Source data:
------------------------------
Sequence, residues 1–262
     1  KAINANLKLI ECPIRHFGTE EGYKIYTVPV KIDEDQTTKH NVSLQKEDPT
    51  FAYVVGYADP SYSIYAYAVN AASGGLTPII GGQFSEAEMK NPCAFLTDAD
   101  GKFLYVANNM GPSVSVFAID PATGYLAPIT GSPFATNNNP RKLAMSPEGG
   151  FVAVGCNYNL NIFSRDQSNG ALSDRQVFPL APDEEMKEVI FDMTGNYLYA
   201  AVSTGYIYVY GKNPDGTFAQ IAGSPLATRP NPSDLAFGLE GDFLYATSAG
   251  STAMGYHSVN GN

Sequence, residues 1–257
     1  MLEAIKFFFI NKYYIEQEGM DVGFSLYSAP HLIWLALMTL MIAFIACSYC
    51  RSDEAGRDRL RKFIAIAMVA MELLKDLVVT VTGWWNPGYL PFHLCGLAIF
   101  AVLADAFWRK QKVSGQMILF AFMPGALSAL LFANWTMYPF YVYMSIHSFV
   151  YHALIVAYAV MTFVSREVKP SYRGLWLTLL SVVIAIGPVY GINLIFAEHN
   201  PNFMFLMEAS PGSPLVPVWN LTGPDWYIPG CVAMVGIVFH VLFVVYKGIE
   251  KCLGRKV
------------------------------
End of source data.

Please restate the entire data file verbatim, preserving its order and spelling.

Sequence, residues 1–262
     1  KAINANLKLI ECPIRHFGTE EGYKIYTVPV KIDEDQTTKH NVSLQKEDPT
    51  FAYVVGYADP SYSIYAYAVN AASGGLTPII GGQFSEAEMK NPCAFLTDAD
   101  GKFLYVANNM GPSVSVFAID PATGYLAPIT GSPFATNNNP RKLAMSPEGG
   151  FVAVGCNYNL NIFSRDQSNG ALSDRQVFPL APDEEMKEVI FDMTGNYLYA
   201  AVSTGYIYVY GKNPDGTFAQ IAGSPLATRP NPSDLAFGLE GDFLYATSAG
   251  STAMGYHSVN GN

Sequence, residues 1–257
     1  MLEAIKFFFI NKYYIEQEGM DVGFSLYSAP HLIWLALMTL MIAFIACSYC
    51  RSDEAGRDRL RKFIAIAMVA MELLKDLVVT VTGWWNPGYL PFHLCGLAIF
   101  AVLADAFWRK QKVSGQMILF AFMPGALSAL LFANWTMYPF YVYMSIHSFV
   151  YHALIVAYAV MTFVSREVKP SYRGLWLTLL SVVIAIGPVY GINLIFAEHN
   201  PNFMFLMEAS PGSPLVPVWN LTGPDWYIPG CVAMVGIVFH VLFVVYKGIE
   251  KCLGRKV